Saturday Morning All Star Hits! (Netflix, December 10)

Anyone who’s ever lamented that Saturday Night Live doesn’t feature enough of Kyle Mooney indulging a talent for weird, absurdist comedy will probably want to check out this series Mooney co-created with Bob’s Burgers’ Ben Jones. Mooney plays twin hosts of a Saturday-morning show in a series that mixes live-action with animation while drawing inspiration from the children’s programming of the Eighties and Nineties. Watch on Netflix here.

Station Eleven (HBO Max, December 16)

In the not-so-distant future much of the world has been wiped out by a flu pandemic. Wait. Don’t check out yet. Starring MacKenzie Davis, this new series adapts a terrific 2014 novel by Emily St. John Mandel that found hope and humanity in a catastrophe-stricken world. It might be just the sort of series the moment requires. Watch on HBO Max here.

Mother/Android (Hulu, December 17)

Set in yet another grim not-so-distant future, this dystopian thriller stars Chloë Grace Moretz as a pregnant woman desperately trying to make it to safety while outrunning murderous androids who’ve turned on their human creators. It’s the directorial debut of Mattson Tomlin, writer of Project Power and co-writer of The Batman. Watch with a free trial to Hulu here.

Nightmare Alley (Theaters, December 17)

While Spielberg tackles one of the quintessential musicals of the past century Guillermo del Toro turns his attention to one of its most revered crime novels. Written by William Lindsay Gresham, 1946’s Nightmare Alley was previously turned into a classic noir starring Tyrone Power. The director of The Shape of Water and Crimson Peak, del Toro’s no stranger to putting his own spin on past styles and here he’s drawn in an all-star cast that includes Bradley Cooper, Cate Blanchett, and Toni Collette for the lurid story of a manipulative carny and a dangerous psychiatrist.

Spider-Man: No Way Home (Theaters, December 17)

When we last saw Spider-Man he’d just been accused of a horrific crime and had his secret identity outed. What’s a superhero to do? If you’re Peter Parker (Tom Holland) you track down Dr. Strange and ask for help, only to create more trouble—and some visitors from past Spider-Man movies—in the process.

The Lost Daughter (Theaters, December 17, Netflix December 31)

Maggie Gylleenhaal makes her directorial debut with this adaptation of an Elena Ferrante novel starring Olivia Colman as Leda, a vacationing academic whose attempt at some downtime leads her on a journey through the past. Jessie Buckley co-stars as the young Leda alongside Dakota Johnson and Peter Sarsgaard. The film earned instant acclaim at the Venice Film Festival and, with Passing, looks to make 2021 a notable year for actors making confident directorial debuts.

Swan Song (Theaters and Apple TV+, December 17)

In the grand tradition of science fiction stories that pose difficult conundrums Swan Song stars Mahershala Ali as a dying man who might be able to cheat death, sort of, by creating a clone of himself and leaving it behind with his unsuspecting family. Naomie Harris, Awkwafina, and Glenn Close co-star in a first feature from Irish filmmaker Benjamin Cleary. Watch on Apple TV here.

The Matrix Resurrections (Theaters and HBO Max, December 22)

Lana Wachowski (sans Lily) returns to the world of The Matrix eighteen years after The Matrix Revolutions brought the story to a seemingly definitive conclusion. But the world of The Matrix is strange and twisty enough to allow for fresh beginnings. The film’s plot remains tightly under wraps but the trailer suggests that Neo (Keanu Reeves) and Trinity (Carrie-Anne Moss) now no longer remember their lives outside the Matrix. Chances are good, however, that the film won’t leave them in blissful ignorance. Watch on HBO Max here.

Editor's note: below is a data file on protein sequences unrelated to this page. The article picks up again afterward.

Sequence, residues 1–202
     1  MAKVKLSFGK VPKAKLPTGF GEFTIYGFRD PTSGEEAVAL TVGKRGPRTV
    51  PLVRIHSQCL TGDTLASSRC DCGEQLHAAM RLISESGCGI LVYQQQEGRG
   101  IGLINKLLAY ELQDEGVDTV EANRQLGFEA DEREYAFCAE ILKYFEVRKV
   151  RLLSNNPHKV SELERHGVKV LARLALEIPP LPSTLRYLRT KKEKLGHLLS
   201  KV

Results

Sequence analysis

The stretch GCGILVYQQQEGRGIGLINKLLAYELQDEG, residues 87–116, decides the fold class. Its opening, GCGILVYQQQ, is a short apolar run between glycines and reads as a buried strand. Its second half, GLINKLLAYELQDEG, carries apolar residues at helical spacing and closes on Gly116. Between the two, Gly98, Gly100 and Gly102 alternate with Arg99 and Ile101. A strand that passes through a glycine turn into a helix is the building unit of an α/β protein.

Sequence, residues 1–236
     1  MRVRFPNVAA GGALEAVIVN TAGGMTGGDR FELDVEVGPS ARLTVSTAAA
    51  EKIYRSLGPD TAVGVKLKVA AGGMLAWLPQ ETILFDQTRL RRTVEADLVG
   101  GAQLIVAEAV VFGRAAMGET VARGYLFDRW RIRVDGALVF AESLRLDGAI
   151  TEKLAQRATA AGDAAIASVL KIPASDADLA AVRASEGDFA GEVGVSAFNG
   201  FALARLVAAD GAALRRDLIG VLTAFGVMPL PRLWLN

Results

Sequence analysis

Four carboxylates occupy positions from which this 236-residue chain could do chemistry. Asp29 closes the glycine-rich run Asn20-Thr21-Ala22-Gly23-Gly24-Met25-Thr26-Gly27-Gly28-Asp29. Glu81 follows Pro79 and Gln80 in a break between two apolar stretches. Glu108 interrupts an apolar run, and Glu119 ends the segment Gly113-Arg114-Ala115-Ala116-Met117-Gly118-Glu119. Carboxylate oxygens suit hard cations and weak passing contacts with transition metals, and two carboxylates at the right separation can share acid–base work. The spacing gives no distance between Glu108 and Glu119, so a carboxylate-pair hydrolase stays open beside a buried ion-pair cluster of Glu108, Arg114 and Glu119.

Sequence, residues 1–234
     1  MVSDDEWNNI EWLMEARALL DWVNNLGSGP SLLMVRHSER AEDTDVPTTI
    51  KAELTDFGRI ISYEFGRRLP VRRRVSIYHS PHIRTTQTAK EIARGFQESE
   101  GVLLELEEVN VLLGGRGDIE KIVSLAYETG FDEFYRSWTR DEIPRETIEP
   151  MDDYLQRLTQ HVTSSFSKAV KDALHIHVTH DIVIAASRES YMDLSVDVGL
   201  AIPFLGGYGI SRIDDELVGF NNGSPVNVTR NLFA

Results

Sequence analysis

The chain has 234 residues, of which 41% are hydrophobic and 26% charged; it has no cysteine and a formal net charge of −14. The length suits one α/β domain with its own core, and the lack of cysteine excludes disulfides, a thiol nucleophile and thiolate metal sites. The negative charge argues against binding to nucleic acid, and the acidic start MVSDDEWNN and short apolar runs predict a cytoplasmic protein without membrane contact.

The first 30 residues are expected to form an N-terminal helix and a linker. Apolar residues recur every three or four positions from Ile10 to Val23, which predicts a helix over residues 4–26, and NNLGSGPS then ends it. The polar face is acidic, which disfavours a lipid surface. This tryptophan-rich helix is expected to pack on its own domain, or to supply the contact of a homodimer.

Licorice Pizza (Theaters, December 24)

Paul Thomas Anderson returns to a bygone era of California history with this coming-of-age story starring Alana Haim and Cooper Hoffman (son of Philip Seymour Hoffman) as a couple of teens fumbling their way toward adulthood in the San Fernando Valley of 1973. A new PTA film doesn’t necessarily need any more selling points, though a cast that includes Tom Waits and Bradley Cooper (as hairdresser-turned-movie producer Jon Peters) and an amazing trailer don’t hurt. (The film opened last month in Los Angeles but expands this month.)

Parallel Mothers (Theaters, December 24)

There are few directors as reliable as Pedro Almodóvar, who’s now entering his fifth decade making visually striking, thematically complex films and shows no signs of stopping. Almodóvar’s latest tells the story of two mothers, one middle-aged (Penelope Cruz, making her seventh film with the director), the other much younger (Milena Smit), who bond as childbirth approaches. 

A Journal for Jordan (Theaters, December 25), The Tragedy of MacBeth (Theaters, December 25 and Apple TV+ January 14)

It’s a big Christmas for Denzel Washington who can be found both in front of and behind the camera. He’s starring opposite Frances McDormand in Joel Coen’s take on Shakespeare’s bloodiest tragedy. (Coen, working without Ethan for the first time, shot the film in striking black and white.) Washington also serves as the director of A Journal for Jordan, an adaptation of a memoir by Dana Canedy (played here by Chanté Adams) detailing her relationship with Charles Monroe King (Michael B. Jordan), a sergeant serving in Iraq.

The Book of Boba Fett (Disney+, December 29)

Anyone wondering what happened to Grogu, the adorable creature formerly known as Baby Yoda, after [redacted for spoilers] showed up to whisk him away at the end The Mandalorian’s second season will apparently have to wait a little while longer. But don’t worry too much: we’ll instead be getting a season of this spin-off starring Temuera Morrison as the morally ambiguous bounty hunter Boba Fett. The plot, naturally, remains secretive but Morrison and co-star Ming-Na Wen were highlights of that second Mandalorian season so this should definitely be worth a look. Watch on Disney+ here.